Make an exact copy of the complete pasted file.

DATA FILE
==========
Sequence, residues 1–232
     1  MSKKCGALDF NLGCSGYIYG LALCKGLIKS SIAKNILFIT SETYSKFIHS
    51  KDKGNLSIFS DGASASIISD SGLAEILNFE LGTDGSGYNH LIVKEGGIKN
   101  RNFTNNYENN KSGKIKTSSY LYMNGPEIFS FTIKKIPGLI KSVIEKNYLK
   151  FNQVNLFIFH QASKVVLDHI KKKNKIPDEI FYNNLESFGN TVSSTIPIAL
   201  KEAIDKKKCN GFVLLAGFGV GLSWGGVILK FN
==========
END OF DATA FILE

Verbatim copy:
Sequence, residues 1–232
     1  MSKKCGALDF NLGCSGYIYG LALCKGLIKS SIAKNILFIT SETYSKFIHS
    51  KDKGNLSIFS DGASASIISD SGLAEILNFE LGTDGSGYNH LIVKEGGIKN
   101  RNFTNNYENN KSGKIKTSSY LYMNGPEIFS FTIKKIPGLI KSVIEKNYLK
   151  FNQVNLFIFH QASKVVLDHI KKKNKIPDEI FYNNLESFGN TVSSTIPIAL
   201  KEAIDKKKCN GFVLLAGFGV GLSWGGVILK FN